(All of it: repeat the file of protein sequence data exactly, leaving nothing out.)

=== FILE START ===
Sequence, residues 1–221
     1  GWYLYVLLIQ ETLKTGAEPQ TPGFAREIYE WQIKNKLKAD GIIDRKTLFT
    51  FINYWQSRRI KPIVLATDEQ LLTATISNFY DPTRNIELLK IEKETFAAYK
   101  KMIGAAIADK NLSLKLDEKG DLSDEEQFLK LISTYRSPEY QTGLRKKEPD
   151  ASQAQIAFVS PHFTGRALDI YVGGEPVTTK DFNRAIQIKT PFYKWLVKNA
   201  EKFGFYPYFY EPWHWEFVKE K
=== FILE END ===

Sequence, residues 1–221
     1  GWYLYVLLIQ ETLKTGAEPQ TPGFAREIYE WQIKNKLKAD GIIDRKTLFT
    51  FINYWQSRRI KPIVLATDEQ LLTATISNFY DPTRNIELLK IEKETFAAYK
   101  KMIGAAIADK NLSLKLDEKG DLSDEEQFLK LISTYRSPEY QTGLRKKEPD
   151  ASQAQIAFVS PHFTGRALDI YVGGEPVTTK DFNRAIQIKT PFYKWLVKNA
   201  EKFGFYPYFY EPWHWEFVKE K